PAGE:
Their foaming and often unbalanced denunciations of the Pope reveal their fear. They fear him because he adheres so strongly to traditional Christian teaching and champions principles they abhor. They fear him because the values he reiterates commend themselves to millions of people and, above all, to millions of young people. They do not trouble to vent their spite and vitriol on the Archbishop of Canterbury because Dr Williams has been so cowed by the forces of secularism that he no longer poses any threat to their bleak vision.
In invoking the heritage of our Christian past, and suggesting we might still have a principled Christian future, Benedict XVI has achieved more than the Church of England over many years. The lesson of the past few days is that Britain is not quite the deeply un-Christian country that the BBC and other parts of the media would have us believe.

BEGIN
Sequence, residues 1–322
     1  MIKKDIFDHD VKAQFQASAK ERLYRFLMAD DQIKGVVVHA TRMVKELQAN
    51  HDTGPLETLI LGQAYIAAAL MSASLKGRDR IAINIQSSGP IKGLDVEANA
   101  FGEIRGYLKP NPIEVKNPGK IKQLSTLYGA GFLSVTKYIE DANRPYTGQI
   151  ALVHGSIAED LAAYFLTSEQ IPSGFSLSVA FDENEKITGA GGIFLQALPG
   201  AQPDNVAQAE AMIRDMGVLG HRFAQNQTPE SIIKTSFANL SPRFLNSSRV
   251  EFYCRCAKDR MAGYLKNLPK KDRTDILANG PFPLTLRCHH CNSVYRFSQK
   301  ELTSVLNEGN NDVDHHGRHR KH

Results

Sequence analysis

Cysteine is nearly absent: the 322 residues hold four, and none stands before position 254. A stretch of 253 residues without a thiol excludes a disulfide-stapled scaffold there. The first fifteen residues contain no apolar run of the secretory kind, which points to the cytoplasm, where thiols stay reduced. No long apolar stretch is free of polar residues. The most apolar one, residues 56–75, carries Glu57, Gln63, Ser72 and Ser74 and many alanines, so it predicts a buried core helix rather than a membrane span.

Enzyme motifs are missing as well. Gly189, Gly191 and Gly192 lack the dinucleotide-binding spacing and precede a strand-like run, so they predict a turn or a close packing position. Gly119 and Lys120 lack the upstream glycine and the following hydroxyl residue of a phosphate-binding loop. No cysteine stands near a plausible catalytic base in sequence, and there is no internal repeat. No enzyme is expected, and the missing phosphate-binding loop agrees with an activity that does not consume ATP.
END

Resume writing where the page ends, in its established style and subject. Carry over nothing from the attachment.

Of course, Mr. Glover doesn’t get it completely right. He describes papal infallibility as “bizarre” and doesn’t even stop to reflect what be so “bizarre” in it, or to wonder whether he has perchance not just assisted to infallibility at work.
Still, this is a remarkably outspoken article making clear that the country can recover its values and that a courageous Pope, not the so-called church of England is the one able to do the job.